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January 2019 • Vol 7 Issue 3 • Absenteeism • The Mandibular Response To Occlusal Relief Using A Flat Guidance Splint • A Functional Stress Analysis In The Maxillary Complete Denture, Influenced By The Position Of Artificial Teeth And Load Levels • Corporate Governance In A Time Of Complexity And Crisis

SADTJ

ISSN 2077-2793

The Southern African Dental Technology Journal

13

E6 7 B8 6.3


The Dental Technology Association of South Africa 2019 Summit & AGM, 19 & 20 July 2019 Century City Conference Centre


In This Issue SADTJ Vol 7 Issue 3 December 2018

Editor

Axel Grabowski

Managing Editor Mariaan Roets

PUBLISHED BY

The Dental Technicians Association of South Africa

LAYOUT AND DESIGN Nicola van Rensburg

Absenteeism

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The Mandibular Response To Occlusal Relief Using A Flat Guidance Splint

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ADVERTISING ENQUIRIES m.roets@dentiworks.com

ADDRESS CHANGES

Elize Morris: dentasa@absamail.co.za

ACCOUNTS Elize Morris: dentasa@absamail.co.za

A Functional Stress Analysis In The Maxillary Complete Denture, Influenced By The Position Of Artificial Teeth And Load Levels

19

Tell: 012 460 1155 Fax: 086 233 7122

DENTASA

PO Box 95340, Waterkloof, 0145 Tel: 012 460 1155 Fax: 086 233 7122 dentasa@absamail.co.za www.dentasa.org.za

Corporate Governance In A Time Of Complexity And Crisis

Operational Management Series

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28

Beware: Employee Misreprensentation On CVs Is Getting Worse

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Using inCoris CC Sinter Metal and the inLab system

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STATEMENT OF INTENT The Southern African Dental Technology Journal is published quarterly. The main objective of the Journal is to provide the professional with the opportunity to earn CDP credits through completing the questionnaires, or writing articles. All papers in English, on any aspect of dental laboratory science or related disciplines, will be considered on merit and subject to the review of the editorial board and the CPD accreditation committee.

EDITORIAL, ADVERTISING AND COPYRIGHT POLICY Copyright of individual articles appearing in this publication reside with the individual authors. No article appearing in this publication may be reproduced in any manner, or in any format without the express written permission of its author and a release from this publication. All rights are reserved. Opinions and statements, of whatever nature, are published under the authority of the submitting author and should not be taken as the official policy of the Dental Technology Association of South Africa.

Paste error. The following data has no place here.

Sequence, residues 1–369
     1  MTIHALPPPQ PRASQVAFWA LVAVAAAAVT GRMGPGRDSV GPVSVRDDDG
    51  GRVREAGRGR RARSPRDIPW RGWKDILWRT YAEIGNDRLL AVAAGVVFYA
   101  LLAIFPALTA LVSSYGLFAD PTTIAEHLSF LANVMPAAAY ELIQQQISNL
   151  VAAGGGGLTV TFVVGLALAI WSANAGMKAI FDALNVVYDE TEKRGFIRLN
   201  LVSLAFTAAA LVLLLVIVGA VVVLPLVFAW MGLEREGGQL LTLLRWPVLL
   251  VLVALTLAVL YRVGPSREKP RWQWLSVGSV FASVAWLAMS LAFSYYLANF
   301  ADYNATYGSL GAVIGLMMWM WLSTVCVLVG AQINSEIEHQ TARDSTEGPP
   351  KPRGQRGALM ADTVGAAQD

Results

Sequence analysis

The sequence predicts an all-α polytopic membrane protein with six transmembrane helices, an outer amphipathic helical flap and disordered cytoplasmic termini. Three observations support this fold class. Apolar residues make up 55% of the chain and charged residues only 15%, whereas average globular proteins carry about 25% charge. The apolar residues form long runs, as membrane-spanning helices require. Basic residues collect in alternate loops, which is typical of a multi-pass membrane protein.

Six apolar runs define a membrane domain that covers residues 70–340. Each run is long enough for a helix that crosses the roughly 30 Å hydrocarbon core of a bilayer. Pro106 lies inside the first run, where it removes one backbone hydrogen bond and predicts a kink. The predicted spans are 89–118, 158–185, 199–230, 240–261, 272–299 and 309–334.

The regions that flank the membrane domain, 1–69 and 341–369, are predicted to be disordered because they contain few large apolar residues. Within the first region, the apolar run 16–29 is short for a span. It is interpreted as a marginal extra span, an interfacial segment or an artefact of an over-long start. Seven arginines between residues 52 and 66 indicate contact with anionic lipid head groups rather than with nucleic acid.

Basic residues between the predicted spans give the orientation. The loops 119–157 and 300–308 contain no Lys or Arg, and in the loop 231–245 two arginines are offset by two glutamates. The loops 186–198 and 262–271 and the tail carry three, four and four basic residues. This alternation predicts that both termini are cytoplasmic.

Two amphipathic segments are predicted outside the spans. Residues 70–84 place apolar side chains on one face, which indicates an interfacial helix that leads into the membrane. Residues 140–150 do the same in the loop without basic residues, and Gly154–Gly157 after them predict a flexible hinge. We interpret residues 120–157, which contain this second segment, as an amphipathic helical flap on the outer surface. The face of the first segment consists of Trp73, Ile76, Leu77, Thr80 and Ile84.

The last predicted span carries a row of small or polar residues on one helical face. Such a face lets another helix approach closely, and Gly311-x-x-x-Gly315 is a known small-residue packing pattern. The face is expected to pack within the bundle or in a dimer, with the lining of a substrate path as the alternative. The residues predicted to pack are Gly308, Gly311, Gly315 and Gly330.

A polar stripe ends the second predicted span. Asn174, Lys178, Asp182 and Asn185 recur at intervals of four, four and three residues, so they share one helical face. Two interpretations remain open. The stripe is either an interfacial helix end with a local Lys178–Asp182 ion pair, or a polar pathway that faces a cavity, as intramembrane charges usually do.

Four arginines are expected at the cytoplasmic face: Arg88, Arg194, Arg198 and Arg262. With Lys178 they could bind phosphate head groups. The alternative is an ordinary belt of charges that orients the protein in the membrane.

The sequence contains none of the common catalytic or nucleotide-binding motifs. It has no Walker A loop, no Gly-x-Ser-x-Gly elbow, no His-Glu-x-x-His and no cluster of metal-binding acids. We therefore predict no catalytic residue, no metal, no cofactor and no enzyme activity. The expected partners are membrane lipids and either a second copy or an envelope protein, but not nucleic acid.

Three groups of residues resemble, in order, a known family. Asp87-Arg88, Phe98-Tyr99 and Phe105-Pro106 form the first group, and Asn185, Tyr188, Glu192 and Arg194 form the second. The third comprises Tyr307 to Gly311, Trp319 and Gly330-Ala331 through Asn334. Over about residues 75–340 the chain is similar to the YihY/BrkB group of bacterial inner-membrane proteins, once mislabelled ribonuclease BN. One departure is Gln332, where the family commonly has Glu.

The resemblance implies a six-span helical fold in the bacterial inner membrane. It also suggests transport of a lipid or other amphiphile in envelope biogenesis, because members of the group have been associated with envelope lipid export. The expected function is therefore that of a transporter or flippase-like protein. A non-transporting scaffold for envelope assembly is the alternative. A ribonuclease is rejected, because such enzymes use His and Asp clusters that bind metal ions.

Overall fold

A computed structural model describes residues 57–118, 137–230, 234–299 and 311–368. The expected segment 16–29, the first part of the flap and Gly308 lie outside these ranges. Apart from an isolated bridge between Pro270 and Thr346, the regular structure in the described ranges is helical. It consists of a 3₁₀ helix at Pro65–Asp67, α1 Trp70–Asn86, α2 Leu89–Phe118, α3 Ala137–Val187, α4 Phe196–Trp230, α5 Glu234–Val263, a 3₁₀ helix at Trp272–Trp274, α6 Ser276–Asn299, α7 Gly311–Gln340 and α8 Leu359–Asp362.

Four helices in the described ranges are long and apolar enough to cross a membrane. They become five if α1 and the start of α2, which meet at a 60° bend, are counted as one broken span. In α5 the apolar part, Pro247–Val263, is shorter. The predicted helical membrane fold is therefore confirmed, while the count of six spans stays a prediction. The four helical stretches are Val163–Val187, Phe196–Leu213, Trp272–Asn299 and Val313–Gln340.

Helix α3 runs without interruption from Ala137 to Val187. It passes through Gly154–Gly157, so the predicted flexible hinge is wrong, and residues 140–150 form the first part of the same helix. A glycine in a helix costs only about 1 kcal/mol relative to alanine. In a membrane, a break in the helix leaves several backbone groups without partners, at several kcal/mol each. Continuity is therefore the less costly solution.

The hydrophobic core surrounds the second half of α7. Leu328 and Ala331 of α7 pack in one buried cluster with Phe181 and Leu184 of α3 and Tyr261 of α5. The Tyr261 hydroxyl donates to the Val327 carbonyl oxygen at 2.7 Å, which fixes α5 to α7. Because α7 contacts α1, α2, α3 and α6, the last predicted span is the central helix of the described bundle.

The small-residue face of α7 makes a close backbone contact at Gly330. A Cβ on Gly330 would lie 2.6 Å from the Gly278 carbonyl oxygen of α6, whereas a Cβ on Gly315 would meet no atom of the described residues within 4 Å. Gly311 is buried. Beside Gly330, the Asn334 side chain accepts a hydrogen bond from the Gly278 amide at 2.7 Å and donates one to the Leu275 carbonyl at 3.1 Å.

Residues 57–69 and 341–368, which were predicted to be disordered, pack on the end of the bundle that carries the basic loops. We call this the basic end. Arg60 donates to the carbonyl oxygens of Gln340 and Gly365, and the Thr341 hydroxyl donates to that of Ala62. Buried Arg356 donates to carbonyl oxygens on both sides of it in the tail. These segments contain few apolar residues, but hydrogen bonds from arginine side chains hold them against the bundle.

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Editor’s Page Here we are once more, the year has come and gone. The highlight of 2018 was undoubtedly the DENTASA Summit and AGM. Very different. Very invigorating and exiting. A new concept that the organizing committee attempted, was a huge success. The theme, logo, T-Shirts were winners. The 2019 DENTASA Summit and AGM will be hosted by the Western Cape Branch. We wish them all the very best, and I am sure it will be awesome. As we all know, the fairest Cape has lots of family orientated activities, and this weekend can easily be turned into a mid-year break. Please be reminded that you can arrange an easy monthly payment scheme with the office to ease and spread the financial burden. The question of moving to the HPCSA is an ongoing concern, which will have to be addressed early next year in all earnest. Wishing all of you a well-deserved break. Editorially yours Axel

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IMPORTANT INFORMATION REGARDING CPD How are the CEUs calculated for the Journal? The Journal falls under Category B: (Measurable) Training and Publications: Dental Technology and related fields, sub-category B8. A maximum of 20 of the required CEUs may be obtained/claimed from this category but not more than 10 from any sub-category, with the exception of B4 which may not exceed 20 CEU’s Answer/complete multiple-choice questionnaires (MCQ) in journals, including electronic journals and or professional association News Letters with required pass mark. 70% is needed to pass and 0.2 CEU per standard page of prescribed reading and 0.2 CEU per question is awarded.

CPD via the SADTJ – Request to Council The DENTASA office has been inundated with phone calls and request from all dental technicians to be allowed to do older SADTJ issues to be able to acquire the additional CPD credits as stipulated by letters received by Council. We have sent a formal request to Council regarding the abovementioned and our correspondence was tabled at the CPD Committee meeting of the SADTC. We in addition tabled a request for Council to remove the maximum CEUs per category limitation to ensure that CPD becomes achievable and accessible to all in the profession. We are now awaiting a response from Council. We will inform you as soon as we receive an answer. Regards,

Elize Morris DENTASA Secretary The Dental Technology Association of South Africa Tel: 012-460 1155 www.dentasa.org.za SADTJ Vol 7 Issue 3

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SADTJ Vol 7 Issue 3

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CPD: The waiting game It is generally accepted that CPD requirements must be: • • • • • •

reasonable, achievable, fair, accessible to all (cost-effective), transparent, flexible, and

inclusive.